May 5th, 2013
The New York Times
Perhaps the most central theme in Soren Kierkegaard’s religious thought is the doctrine of original sin: the idea that we share in some essential human guilt simply by being born. But guilt is an important concept also in Kierkegaard’s secular writings. He thought that the modern era was defined by its concept of guilt. Kierkegaard’s 200th birthday gives us an occasion to assess the modern relevance of his legacy and the viability of his own view of modernity.
Kierkegaard thought of Socrates as the person who first discovered human autonomy — the fact that we are free to determine our own actions and therefore responsible for those actions. This insight undermined the ancient worldview, which found its perfect representation in tragic drama, where characters bring about their own ruin because they are fated to do so. In his 1843 essay “Ancient Tragedy’s Reflection in the Modern,” Kierkegaard grappled with this question partly through an analysis of the work of Sophocles. In the play “Oedipus the King,” the gods have cursed the tragic hero with a fate to commit two terrible crimes.
The curse is visited upon his children, too, including his daughter who in the follow-up play “Antigone” commits a crime of her own. Sophocles thus invites us to think of this curse as something like a hereditary disease, passed on from parents to children. In Antigone’s crime and punishment we see the reverberation of her father’s misfortune, and if original sin is sometimes called “hereditary sin,” Antigone’s is a “hereditary guilt.” Such a concept is nonsensical to the Socratic mindset. We are responsible only for what we do—not for what happens to us, or for the actions of others.
Oedipus’s crimes are to kill his father and marry his mother; Antigone’s is to defy the state. She is sentenced to live burial for burying her brother, a traitor, against a state prohibition. But in the midst of this horrible destiny is a relief. Sophocles allows both the fictional character Antigone and the spectators to take comfort in the fact that her transgression against the state is done out of obedience to a divine mandate to honor one’s family and, moreover, that her own terrible fate is ultimately the work of the gods. She is then only partly responsible for the deed and for bringing the subsequent punishment upon herself. Fate and divine mandate are the heroine’s ruination, but they also absolve her of guilt and, by precluding any real choice, redeem her from anxiety and regret.
Socrates, ever defiant of authority, would have found no such excuses for Antigone. Whether or not she was right to bury her brother, she was personally responsible for doing so. She should bear her punishment stoically, as Socrates bore his. When modernity severs the individual from his ties to kin, state, tradition and divine authority, “it must turn the individual over to himself,” Kierkegaard writes, so that, in effect, he “becomes his own creator.”
But our faith in freedom is excessive. It would be naive to think that happiness requires nothing more than the freedom to choose. Modernity cannot evade tragedy and in fact Kierkegaard proceeds to outline a modern version of Sophocles’ play — a post-Socratic “Antigone.” The Danish term he uses for hereditary guilt literally means “inheritance-guilt,” which unlike the English term calls to mind the wealth and property left to children upon their parents’ death. The term is especially appropriate for his modern Antigone, who considers the curse on her father not so much a disease as a birthright. In Kierkegaard’s modern play, the drama does not revolve around her brother’s treason, death and burial but concerns Antigone’s relation to her father and his crimes.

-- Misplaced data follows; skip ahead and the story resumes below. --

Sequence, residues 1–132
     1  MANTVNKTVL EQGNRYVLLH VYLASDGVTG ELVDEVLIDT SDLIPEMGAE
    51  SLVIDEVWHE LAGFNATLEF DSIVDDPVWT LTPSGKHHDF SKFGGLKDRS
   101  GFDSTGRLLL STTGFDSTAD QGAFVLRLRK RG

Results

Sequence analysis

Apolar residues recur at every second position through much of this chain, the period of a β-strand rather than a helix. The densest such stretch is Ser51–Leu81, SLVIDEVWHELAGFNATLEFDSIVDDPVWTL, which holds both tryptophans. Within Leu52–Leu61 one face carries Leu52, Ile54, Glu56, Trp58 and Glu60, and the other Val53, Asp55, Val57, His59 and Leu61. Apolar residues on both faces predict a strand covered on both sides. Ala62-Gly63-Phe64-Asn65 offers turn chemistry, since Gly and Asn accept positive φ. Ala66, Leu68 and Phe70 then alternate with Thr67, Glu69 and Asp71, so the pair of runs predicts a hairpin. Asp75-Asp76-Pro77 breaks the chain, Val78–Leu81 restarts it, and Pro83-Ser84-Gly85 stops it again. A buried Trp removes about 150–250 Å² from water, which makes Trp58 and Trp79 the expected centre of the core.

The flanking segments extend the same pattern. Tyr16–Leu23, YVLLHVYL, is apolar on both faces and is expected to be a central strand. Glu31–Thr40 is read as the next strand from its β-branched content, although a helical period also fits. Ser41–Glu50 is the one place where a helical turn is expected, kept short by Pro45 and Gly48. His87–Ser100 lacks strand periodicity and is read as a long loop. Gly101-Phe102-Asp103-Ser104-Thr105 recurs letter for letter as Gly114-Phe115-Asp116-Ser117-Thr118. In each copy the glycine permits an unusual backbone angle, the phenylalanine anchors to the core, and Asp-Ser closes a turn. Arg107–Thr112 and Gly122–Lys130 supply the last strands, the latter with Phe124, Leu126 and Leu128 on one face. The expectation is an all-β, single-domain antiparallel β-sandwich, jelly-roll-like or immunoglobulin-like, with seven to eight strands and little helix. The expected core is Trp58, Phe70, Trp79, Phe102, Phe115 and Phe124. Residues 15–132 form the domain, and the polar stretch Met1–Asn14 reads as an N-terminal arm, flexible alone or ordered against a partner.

Whereas the kinship between the ancient Antigone and Oedipus is an objective relation, so that his curse is passed down to her through blood and name, their kinship in the modern version is ultimately a subjective one. The modern Antigone is not fated to share her father’s curse, not obliged to share his guilt. But she is compelled to share his grief out of compassion, and so strong is this compassion that she wants to share also his guilt—wants to make of herself, retroactively, an accomplice to his crimes. She loves her father with all her soul, Kierkegaard writes, and it is this love that “pulls her away from herself, into her father’s guilt.”
But love is not merely a feeling that overcomes her—it is a feeling she happily affirms, actively reinforces. Oedipus gives Antigone’s life a center of gravity, something that binds her freedom. She welcomes the suffering that manifests her love of her father and to a certain degree she inflicts it upon herself. Love is indeed ambiguous between passivity and activity, necessity and freedom. On the one hand, a lover regards the beloved as the cause of her love. Love appears to strike us from the outside and we cannot love at will. In this sense, loving is passive. Yet when I say that I speak “from the bottom of my heart” or that I do something “whole-heartedly,” I use a metaphor for love to express full and voluntary investment in what I say and do. In these idioms, love represents responsibility, activity.
Life is partly a task and partly a gift, Kierkegaard wrote. Unlike a curse, a right or a genetic disease, a gift cannot be bestowed upon a person against her will. She can choose to accept or decline it. A child does not choose her parents but is offered them as gifts upon her birth, and to love them and grieve with them is to appropriate them as her kin. Love is this project of accepting a gift, cultivating a heritage, assuming another’s fate as one’s own. If freedom is the ailment, it is willful surrender to her emotions and her ties to others that is the modern Antigone’s redemption.
Søren Kierkegaard [Wikipedia]
Antigone [Sophocles] [Wikipedia]